With 75 restaurants holding one or more Michelin stars, you’re never starved for choice in New York City when it comes to sumptuous food. And if you need to get out of the city, Blue Hill at Stone Barns in Tarrytown gives you one more option with two stars.
There’s just one problem. You’ll need to dip into your life savings to eat in many of them, and that’s before they’ve added on tax and that steadily trending 20% tip. But, fear not, if you’re into top nosh and on a bit of a budget, or just after a really great meal, these are some of the cheapest meals in the New York 2020 Michelin guide which have earned at least one star…
Head over to Greenpoint in Brooklyn for some tasty tacos, or maybe try the Bacon Burrito if brunch is more your thing. Either way this drool worthy Mexican restaurant will not leave you disappointed. For dinner you can splash out on tacos for less that $20/$30 depending on how many you want. Otherwise it’s hard to beat the brunch menu and prices – who doesn’t love brunch.
Jeju Noodle Bar
We all know Japanese Ramen, but this is Ramyun, a Korean inspired noodle bar serving up delicious, comforting noodle dishes inspired by Korean flavours. If you’ve come for a bowl of noodles, you can get out of there for $20, unless you opt for the Wagyu Ramyun, which will be double that. Located near Greenwich Village, it’s not the cheapest bowl of noodles you can find in Manhattan, but for a Michelin meal in NYC, it’s pretty damn good.
Link: Jeju Noodle Bar
For a vegetarian/vegan restaurant, you wouldn’t expect the prices to sky rocket too much. And with no dinner mains over $30, you’d be right. The fresh, seasonal menu is full of modern dishes that even meat lovers would enjoy. In a buzzing Greenwich village atmosphere it’s also an excellent place to enjoy their brunch menu and inventive cocktails.
If we haven’t mentioned it already, one of the best ways to enjoy a Michelin meal with a far more digestible price tag is to go for lunch, rather than dinner. Although the dinner menu is reasonable by New York standards – aka not very – with most mains between $25-$35, and the five-course tasting menu only $85, the lunch menu is all $20 or under and gives a great look into this kitchen. It’s slightly less ‘fancy’, but still super tasty. Whichever your choice, the pretty plating, regular changing menu and fun vibe make this Williamsburg spot a worthwhile stop on your next visit.
Serving inventive Thai cuisine in a funky setting, this place definitely makes for a fun evening out, and depending how many Singha you have, perhaps a late morning after. Located on Spring St in Nolita, you can expect all the Thai flavours you usually love but from dishes that you won’t usually expect – meaning there’s no Pad Thai. With the most expensive item on the menu at $31, this is definitely a steal for a Michelin meal in the Big Apple. Walk-ins are recommended.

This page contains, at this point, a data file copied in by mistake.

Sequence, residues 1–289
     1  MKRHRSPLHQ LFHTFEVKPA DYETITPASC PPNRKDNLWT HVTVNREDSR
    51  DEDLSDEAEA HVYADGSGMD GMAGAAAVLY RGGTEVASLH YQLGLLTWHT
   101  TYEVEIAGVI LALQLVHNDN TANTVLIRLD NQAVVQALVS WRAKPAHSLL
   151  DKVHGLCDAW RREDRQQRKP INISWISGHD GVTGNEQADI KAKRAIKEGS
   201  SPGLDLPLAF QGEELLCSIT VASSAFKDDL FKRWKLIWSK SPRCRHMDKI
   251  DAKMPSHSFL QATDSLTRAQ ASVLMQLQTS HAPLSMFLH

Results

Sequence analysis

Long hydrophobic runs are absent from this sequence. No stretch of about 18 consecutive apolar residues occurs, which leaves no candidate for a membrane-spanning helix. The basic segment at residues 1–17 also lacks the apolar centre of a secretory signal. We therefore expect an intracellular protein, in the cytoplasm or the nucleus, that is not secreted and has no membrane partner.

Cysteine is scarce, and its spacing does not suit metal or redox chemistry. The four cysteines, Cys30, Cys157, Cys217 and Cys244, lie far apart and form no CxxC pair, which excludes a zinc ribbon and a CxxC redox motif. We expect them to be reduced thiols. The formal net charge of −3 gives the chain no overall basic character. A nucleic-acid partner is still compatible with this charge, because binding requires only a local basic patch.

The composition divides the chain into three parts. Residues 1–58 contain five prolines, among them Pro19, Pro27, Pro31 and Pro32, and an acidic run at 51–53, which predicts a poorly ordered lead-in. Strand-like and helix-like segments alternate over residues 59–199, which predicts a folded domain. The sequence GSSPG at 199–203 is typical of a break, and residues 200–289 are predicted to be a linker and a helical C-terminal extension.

Link: Uncle Boons
There are an overwhelming amount of Japanese restaurants in New York, and a surprising amount that carry a Michelin star (over 10). However, Kanoyama is one that carries the star and is also actually very affordable. Win-win. You can choose between plenty of rolls as well as some main options including chicken teriyaki for any non fish eaters out there. And if that’s not enough, they are now serving late night ramen until 3.30am – after all it is the city that never sleeps.
This Spanish restaurant in Gramercy is perfect for sharing dishes, as the Spanish are. You’ll find lots of delectable small plates and want to try many. But depending on how ‘big’ you’re going that day, you can get out of there after a few dishes at a reasonable price, $40-$60. Of course, once you start adding a few glasses of wine and the irresistible deserts things can change quite quickly. Everything in moderation, after all.
Link: Casa Mono
The Four Horsemen
Just another reason to visit Williamsburg. This cool wine bar/restaurant is created by James Murphy from LCD Soundsystem. The cosy setting and very drinkable wines, combined with quality food make for a great meal out. It’s what wine bars have always needed. They also have a cafe just next door with excellent coffee, pastries and food from The Four Horsemen kitchen, so you’ve got no excuse no matter what time of day it is.
Link: The Four Horsemen
Another one in Brooklyn (are we starting to see a bit of a trend here), this time in Park Slope. This Mexican restaurant has a punchy menu with plenty of flavour. You can expect fresh, organic, locally sourced ingredients as well as it being a gluten free establishment, so if glutens not your thing you can still fully enjoy the tacos guilt free. Oh, and be sure not to leave without trying some of the cocktails – who doesn’t love Mezcal!
Although this two Michelin-star restaurant is far from cheap and in a different league price wise to the rest of this list, it stands out for another reason. And not just that it sits at the bottom of the MoMA, making it a light, airy and beautiful location. The Modern is a non tipping restaurant, which in America is quite a rarity. So, although you’re paying near on $200 for a six-course tasting menu, the food is outstanding and at least the final price won’t jump quite as high as it would in similar places. If you’re after a special occasion this is definitely a great option.
Link: The Modern
Thank you for everything you do. The wife and I are planning a trip to NYC and wanted some new places to visit and here are the answers. I try to read every single article you put out there because they all have value for me. You are the only one out that provide that value. I can’t thank you enough.
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